Links to other sections in this series:
Part 4 tells you how to craft your strategy of nominating players, now you can work on what to do once the player is out there. There isn’t as much nuance in your bidding strategies as there is when picking a player to nominate, but there are still some things you can do to try and maximize your value when bidding.
As a general rule, the best way for a beginner to proceed in any draft is to not get fancy. While you are getting comfortable with the other drafters, their tendencies, and the process of an auction, you should follow the simple rule of bidding one dollar more than the previous bid. Your goal is to take as much guesswork off your plate as you can and trying to craft the perfect bid every time you’re in the middle of a bidding war is sure to lead to mistakes.
New drafters can often get caught up in the flow of a high-priced player and lose valuable dollars. When the name “Christian McCaffrey” is called out for $20 there will invariably be bids that proceed in $5 increments. It’s easy to see the bids climb quickly at that pace – “25..30..35..40..45..50…” – and if you’re in the middle of that at some point the bidding will slow down. What you don’t want is to be the one who yells “$55!” and the room goes silent. Perhaps on McCaffrey, that number will be 60 this year, but the point remains the same. If you jump $5 and everyone stops bidding then you’ve stopped everyone in their tracks for 1 of 2 reasons: You got a deal because you blew everyone away with your bid, or you wasted money. If you’re new it’s hard to tell which is which. Don’t waste your money by guessing.
Assuming, however, that you’re here because you expect to continue to do auctions, or that you’ve already progressed past being a beginner, there are some things you can do when it comes to your bidding strategies.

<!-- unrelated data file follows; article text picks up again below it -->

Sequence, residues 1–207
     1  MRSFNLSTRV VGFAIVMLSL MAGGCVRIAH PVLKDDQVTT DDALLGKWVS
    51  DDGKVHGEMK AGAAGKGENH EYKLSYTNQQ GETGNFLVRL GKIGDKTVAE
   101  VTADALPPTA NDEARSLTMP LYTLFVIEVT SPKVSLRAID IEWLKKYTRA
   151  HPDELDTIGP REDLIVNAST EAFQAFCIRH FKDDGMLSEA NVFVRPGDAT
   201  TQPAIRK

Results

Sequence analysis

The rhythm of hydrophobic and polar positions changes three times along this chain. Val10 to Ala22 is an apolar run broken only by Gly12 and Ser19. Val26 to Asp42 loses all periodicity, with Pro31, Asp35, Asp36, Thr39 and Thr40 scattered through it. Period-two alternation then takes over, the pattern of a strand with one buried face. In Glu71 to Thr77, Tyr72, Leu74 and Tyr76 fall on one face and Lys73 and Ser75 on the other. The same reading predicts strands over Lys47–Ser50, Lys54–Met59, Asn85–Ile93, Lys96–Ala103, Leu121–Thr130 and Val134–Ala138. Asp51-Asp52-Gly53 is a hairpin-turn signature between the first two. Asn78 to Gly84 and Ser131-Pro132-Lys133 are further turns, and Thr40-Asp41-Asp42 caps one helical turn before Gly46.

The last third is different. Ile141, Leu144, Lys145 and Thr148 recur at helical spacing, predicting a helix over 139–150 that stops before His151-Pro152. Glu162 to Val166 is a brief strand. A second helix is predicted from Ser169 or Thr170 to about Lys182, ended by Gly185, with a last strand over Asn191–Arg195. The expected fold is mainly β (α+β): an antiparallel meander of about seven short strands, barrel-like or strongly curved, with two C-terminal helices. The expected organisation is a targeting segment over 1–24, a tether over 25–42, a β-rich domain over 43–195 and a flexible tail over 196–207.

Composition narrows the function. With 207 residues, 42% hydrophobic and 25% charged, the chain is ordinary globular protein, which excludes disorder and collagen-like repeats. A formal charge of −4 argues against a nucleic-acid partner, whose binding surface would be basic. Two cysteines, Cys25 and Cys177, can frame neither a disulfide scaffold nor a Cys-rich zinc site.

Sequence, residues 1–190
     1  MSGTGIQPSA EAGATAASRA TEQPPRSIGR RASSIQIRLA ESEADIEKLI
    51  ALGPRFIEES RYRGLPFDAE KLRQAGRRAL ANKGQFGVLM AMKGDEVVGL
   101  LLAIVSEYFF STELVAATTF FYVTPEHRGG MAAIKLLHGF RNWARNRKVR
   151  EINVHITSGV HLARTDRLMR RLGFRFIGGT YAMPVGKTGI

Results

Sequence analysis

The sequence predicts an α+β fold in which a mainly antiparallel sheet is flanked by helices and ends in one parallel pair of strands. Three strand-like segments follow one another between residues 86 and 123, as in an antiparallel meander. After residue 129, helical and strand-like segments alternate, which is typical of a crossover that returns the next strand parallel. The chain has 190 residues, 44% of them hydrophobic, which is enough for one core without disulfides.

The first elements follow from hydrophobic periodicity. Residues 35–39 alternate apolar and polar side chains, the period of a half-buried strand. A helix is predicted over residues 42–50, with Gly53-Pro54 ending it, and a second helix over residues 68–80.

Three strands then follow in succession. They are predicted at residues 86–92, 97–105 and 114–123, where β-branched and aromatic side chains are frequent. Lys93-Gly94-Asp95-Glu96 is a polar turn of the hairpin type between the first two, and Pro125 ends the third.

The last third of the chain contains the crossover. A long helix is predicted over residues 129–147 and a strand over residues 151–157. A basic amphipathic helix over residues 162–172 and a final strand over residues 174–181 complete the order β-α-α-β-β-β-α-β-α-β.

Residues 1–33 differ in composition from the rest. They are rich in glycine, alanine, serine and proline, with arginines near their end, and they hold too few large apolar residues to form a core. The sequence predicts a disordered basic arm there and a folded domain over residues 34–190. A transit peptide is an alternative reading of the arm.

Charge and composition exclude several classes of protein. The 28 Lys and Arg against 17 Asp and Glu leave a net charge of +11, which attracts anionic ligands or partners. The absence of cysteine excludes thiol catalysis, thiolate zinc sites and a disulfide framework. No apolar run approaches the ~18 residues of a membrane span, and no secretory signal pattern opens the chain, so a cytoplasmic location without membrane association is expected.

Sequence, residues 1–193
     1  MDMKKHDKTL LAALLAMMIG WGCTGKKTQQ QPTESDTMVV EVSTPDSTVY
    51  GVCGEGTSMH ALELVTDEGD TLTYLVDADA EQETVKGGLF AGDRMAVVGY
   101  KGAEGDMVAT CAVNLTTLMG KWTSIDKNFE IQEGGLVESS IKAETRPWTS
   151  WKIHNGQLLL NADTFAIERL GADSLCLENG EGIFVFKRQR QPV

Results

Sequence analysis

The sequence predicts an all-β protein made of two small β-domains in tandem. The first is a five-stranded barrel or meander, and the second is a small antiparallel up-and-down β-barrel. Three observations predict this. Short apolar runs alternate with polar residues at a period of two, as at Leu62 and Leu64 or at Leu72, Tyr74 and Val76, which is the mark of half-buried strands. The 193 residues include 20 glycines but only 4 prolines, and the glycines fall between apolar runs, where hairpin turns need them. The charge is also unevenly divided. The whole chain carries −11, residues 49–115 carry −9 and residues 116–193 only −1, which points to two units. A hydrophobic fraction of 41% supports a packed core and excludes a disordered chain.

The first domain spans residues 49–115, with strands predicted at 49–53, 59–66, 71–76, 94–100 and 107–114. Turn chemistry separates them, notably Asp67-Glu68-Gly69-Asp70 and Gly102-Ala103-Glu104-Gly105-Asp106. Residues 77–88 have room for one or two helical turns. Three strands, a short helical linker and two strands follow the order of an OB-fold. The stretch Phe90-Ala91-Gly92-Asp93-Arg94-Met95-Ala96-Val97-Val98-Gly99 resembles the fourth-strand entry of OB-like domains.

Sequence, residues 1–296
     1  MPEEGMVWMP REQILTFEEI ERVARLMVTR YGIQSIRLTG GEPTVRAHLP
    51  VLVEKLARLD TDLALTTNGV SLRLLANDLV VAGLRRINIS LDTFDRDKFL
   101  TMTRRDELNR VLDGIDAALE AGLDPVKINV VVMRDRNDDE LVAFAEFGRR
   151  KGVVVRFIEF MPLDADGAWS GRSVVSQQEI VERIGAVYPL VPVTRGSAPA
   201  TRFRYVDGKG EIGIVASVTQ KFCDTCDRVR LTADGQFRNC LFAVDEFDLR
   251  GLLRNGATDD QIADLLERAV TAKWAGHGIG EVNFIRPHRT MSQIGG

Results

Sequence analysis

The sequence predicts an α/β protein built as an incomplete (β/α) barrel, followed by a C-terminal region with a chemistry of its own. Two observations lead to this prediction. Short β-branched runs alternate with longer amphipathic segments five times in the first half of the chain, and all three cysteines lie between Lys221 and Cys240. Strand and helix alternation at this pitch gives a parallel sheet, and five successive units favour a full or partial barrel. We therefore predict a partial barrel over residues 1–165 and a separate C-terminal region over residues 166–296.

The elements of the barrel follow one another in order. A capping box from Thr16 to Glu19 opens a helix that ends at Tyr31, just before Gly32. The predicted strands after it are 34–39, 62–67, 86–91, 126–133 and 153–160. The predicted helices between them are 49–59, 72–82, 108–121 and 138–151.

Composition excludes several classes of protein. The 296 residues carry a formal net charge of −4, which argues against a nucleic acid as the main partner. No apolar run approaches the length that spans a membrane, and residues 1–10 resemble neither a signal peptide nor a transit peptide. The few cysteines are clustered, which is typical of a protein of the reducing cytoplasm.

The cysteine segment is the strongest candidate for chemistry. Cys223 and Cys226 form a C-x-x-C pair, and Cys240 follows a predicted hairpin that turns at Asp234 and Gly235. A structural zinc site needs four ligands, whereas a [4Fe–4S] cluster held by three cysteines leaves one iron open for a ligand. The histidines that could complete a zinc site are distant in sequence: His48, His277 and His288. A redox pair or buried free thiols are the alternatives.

THERE’S ALWAYS ONE
This is a concept that is hard to learn but will serve you well many, many times over if you learn it now. For lack of a better way to say it, just remember this: There’s always one! There’s always one of WHAT? There’s always one drafter who has money who can compete with your bids. There’s always one other person in the draft who will do something irrational and screw up a carefully laid plan. There’s always one manager who likes that player that you like as much as you do. There’s always one drafter who will keep bidding on a third quarterback when they don’t need it because they don’t want you to have the deal you almost got.
The list goes on, but you will likely learn this lesson the hard way if you don’t take it to heart now. When you sit back and wait on a player, or hoard your money, someone will be right with you to do the same. You can use this to your advantage, however, by playing both sides of that same coin.
First, you can realize when the inevitable showdown will happen between you and another drafter for a player, or for the last big player because you both have money. You do this by remembering the boomerang effect on your tier sheets. The first player in each tier will set the price for that tier of players. As more players are nominated from that tier the prices will drop, and then as the tier dries up it will jump back up considerably because the talent gets scarce. If you are hoarding money for a WR2 and there are 3 of them left on your sheet then you need to act fast. Waiting until the last one is called out won’t help you get a lower price, it will hurt you. Don’t fall into the trap of thinking that waiting means a lower price. Someone else is waiting too, so repeat your mantra – “there’s always one” – and go buy a WR2 before you’re backed into a corner.